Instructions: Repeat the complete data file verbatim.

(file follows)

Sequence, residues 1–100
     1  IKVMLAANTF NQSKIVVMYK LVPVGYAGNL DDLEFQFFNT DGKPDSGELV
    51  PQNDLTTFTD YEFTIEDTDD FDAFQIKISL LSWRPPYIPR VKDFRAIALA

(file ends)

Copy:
Sequence, residues 1–100
     1  IKVMLAANTF NQSKIVVMYK LVPVGYAGNL DDLEFQFFNT DGKPDSGELV
    51  PQNDLTTFTD YEFTIEDTDD FDAFQIKISL LSWRPPYIPR VKDFRAIALA